8. Aaron Hill (2B - Tor): Lowest BABIP (.196) in at least 40 years and fifth-highest fly-ball rate (54.2 percent) last season yielded embarrassing .205 batting average.
Assuming he makes the necessary adjustments at the plate, 25 HRs and a .270 batting clip are reasonable.
9. Brandon Phillips (2B - Cin): Declining HR/FB rates and stolen base efficiency means he’s no longer a lock to post 20 HRs and 20 steals.
10. Ben Zobrist (1B, 2B, OF - TB): Advanced batting eye (14.0 percent walk rate) and fly-ball rate (38.1 percent) remained intact last year, but deflated HR/FB rate (6.0 percent) and unfortunate BABIP (.273) kept him from repeating 2009 line of 91 runs, 27 HRs, 91 RBI, 17 steals and a .297 batting average.
11. Kelly Johnson (2B - Ari): Wildly inconsistent last year, but still managed an impressive 93/26/71/13/.284 line. A more realistic BABIP (.339 in ‘10) will likely yield a 2011 batting average in the .270 range.
Still, the 29-year-old should push for 20 HRs and 10 steals from the left side of the plate.
12. Ryan Raburn (2B/OF - Det): Incredibly surprising line over last two seasons (in 632 at-bats) of 98 runs, 31 HRs, 107 RBI, seven steals and a .285 average.
Permanently installed as Detroit’s everyday left fielder and batting sixth behind Ordonez, Cabrera and Martinez mean RBI opportunities should be plentiful.
A line of 80/20/80/5/.280 should be well within reach. Second base eligibility makes him a potential steal.
13. Chone Figgins (2B - Sea): Blame his low run total (62) on the 2010 Mariners lineup, and his .259 batting average on an unusually low .314 BABIP (career .337).
His contact rate (88.1 percent) remained elite, and he’ll bat second behind Ichiro in 2011. Eighty runs, 40 steals, .270 average is within reach.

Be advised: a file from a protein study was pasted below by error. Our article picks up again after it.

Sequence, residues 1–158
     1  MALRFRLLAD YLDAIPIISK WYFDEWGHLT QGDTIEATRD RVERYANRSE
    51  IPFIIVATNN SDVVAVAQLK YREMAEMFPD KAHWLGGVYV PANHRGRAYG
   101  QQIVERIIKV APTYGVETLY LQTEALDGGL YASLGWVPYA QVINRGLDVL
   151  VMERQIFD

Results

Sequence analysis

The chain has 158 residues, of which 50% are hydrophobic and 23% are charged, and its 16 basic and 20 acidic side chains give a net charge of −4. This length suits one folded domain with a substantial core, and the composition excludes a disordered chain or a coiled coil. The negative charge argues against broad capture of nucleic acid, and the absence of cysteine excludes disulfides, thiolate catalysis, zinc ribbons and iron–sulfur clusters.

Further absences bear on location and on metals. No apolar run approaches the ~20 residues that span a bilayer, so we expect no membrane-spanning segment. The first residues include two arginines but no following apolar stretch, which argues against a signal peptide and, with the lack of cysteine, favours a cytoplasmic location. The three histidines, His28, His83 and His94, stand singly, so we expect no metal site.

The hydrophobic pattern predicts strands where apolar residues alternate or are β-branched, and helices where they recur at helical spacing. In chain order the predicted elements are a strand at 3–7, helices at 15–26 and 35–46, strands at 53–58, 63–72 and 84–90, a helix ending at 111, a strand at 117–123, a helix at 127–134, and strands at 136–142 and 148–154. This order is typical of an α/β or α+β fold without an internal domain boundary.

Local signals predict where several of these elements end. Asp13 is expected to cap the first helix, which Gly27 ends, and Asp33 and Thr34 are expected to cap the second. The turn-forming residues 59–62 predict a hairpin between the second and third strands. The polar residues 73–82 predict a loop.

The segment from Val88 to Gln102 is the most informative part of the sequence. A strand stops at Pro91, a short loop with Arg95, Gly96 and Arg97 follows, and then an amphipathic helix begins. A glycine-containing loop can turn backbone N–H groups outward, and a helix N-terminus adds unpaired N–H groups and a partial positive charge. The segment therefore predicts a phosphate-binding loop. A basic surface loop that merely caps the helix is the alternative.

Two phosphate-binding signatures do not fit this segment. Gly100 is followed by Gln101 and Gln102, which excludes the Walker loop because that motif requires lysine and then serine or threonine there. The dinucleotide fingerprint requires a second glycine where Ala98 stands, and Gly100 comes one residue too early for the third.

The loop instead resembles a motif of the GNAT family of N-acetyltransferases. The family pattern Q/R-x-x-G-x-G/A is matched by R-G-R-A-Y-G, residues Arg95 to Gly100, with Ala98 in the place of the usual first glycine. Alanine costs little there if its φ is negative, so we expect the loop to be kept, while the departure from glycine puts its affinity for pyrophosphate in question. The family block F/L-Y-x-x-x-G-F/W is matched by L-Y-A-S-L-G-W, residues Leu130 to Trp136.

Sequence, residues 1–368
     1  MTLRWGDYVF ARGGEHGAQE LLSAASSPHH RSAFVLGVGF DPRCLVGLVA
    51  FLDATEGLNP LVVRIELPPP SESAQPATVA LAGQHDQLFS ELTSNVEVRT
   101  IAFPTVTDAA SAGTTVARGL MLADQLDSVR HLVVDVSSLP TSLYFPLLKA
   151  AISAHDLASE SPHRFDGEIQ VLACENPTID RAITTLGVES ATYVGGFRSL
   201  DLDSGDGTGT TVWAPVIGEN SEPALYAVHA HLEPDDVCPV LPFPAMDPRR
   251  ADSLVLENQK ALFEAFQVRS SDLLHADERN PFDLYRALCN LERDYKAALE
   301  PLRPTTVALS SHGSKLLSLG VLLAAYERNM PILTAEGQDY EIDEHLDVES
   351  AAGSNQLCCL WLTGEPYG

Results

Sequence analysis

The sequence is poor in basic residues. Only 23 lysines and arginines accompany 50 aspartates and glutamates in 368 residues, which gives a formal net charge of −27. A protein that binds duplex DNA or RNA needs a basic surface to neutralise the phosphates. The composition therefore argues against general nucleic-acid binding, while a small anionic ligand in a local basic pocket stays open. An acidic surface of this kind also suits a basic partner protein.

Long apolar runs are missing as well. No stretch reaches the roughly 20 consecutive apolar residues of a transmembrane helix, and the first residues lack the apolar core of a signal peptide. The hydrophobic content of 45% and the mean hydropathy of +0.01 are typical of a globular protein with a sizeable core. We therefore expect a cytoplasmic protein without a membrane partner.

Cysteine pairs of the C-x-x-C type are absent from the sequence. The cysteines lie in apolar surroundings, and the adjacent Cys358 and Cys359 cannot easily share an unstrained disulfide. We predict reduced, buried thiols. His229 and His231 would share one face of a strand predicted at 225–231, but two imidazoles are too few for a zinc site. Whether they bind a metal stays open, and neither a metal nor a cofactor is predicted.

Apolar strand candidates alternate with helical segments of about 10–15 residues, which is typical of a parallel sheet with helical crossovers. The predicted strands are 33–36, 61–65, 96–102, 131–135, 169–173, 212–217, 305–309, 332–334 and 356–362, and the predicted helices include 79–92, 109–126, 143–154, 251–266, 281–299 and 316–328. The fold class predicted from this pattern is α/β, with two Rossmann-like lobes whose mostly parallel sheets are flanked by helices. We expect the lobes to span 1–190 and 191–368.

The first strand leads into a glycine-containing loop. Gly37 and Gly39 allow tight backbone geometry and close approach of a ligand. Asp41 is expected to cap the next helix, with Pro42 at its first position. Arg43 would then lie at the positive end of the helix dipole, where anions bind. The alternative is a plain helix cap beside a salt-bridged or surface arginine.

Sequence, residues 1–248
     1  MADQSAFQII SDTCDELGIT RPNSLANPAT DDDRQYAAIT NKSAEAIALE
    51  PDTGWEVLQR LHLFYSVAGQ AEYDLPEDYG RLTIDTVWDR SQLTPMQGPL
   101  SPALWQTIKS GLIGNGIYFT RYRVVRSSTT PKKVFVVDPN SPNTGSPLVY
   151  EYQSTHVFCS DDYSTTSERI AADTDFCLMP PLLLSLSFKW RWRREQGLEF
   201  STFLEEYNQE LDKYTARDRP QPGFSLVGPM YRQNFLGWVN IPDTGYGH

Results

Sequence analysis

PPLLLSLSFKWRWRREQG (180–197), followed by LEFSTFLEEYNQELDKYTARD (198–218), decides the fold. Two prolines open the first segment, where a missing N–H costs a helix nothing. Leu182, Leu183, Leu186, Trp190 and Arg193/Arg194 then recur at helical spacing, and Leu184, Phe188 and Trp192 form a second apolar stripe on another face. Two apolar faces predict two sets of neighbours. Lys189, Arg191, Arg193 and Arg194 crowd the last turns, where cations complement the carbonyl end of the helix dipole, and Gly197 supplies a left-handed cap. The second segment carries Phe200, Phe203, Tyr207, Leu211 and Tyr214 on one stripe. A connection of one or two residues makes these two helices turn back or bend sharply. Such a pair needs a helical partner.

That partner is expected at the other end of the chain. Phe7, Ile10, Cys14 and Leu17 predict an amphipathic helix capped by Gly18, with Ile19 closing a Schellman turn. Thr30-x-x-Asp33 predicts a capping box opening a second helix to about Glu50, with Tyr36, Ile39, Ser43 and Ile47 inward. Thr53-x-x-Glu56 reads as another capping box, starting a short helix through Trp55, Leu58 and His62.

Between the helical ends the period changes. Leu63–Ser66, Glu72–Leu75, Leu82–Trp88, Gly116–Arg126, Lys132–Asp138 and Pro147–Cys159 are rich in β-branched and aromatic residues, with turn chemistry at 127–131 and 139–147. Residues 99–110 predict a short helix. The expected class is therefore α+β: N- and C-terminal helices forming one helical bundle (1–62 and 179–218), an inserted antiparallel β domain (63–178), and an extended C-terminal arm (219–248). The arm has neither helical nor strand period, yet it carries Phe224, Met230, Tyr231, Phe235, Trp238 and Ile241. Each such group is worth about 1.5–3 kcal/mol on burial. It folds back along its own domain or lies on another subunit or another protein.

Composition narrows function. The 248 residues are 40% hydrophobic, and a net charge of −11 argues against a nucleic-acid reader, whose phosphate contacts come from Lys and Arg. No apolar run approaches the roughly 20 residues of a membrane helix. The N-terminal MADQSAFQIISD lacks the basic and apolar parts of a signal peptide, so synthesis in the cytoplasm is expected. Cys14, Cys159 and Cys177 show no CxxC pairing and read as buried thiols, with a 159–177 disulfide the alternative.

14. Gordon Beckham (2B - ChW): Regressions across the board last season despite more at-bats. Deflated and inflated BABIP in the first and second half respectively led to wacky season splits. Yet, his post-ASB line (.310/.380/.497) is especially encouraging.
Batting second in the White Sox’s lineup in front of Adam Dunn in 2011, a breakout season along the lines of 80 runs, 15 HRs, 10 steals and a .270 average should grace the 24-year-old.
15. Neil Walker (2B/3B - Pit): Impressive line for the rookie in just 426 at-bats last year, of 57 runs, 12 HRs, 66 RBI, two steals, .296 average.
Respectable strikeout rate (19.5 percent) and above-average contact rate (83.1 percent) are most encouraging, but his .340 BABIP suggests a bit of luck. As Pirates’ projected No. 2 hitter in 2011, expect a line around 80/15/80/8/.275.
The best of the rest: Juan Uribe offers 20-HR pop with second, third and shortstop eligibility. Don’t forget about him. Rookies Danny Espinosa and Tsuyoshi Nishioka have top 15 potential, so keep your eye on these two.
Howie Kendrick, Mike Aviles, Sean Rodriguez and Placido Polanco don’t offer anything special.
The Phillies have no idea how bad the injury is, but Utley is making it a goal to be back by the All-Star Break.
Assuming he’ll be out for at least the first three-and-a-half months of the season, there’s little justification for placing him on this list.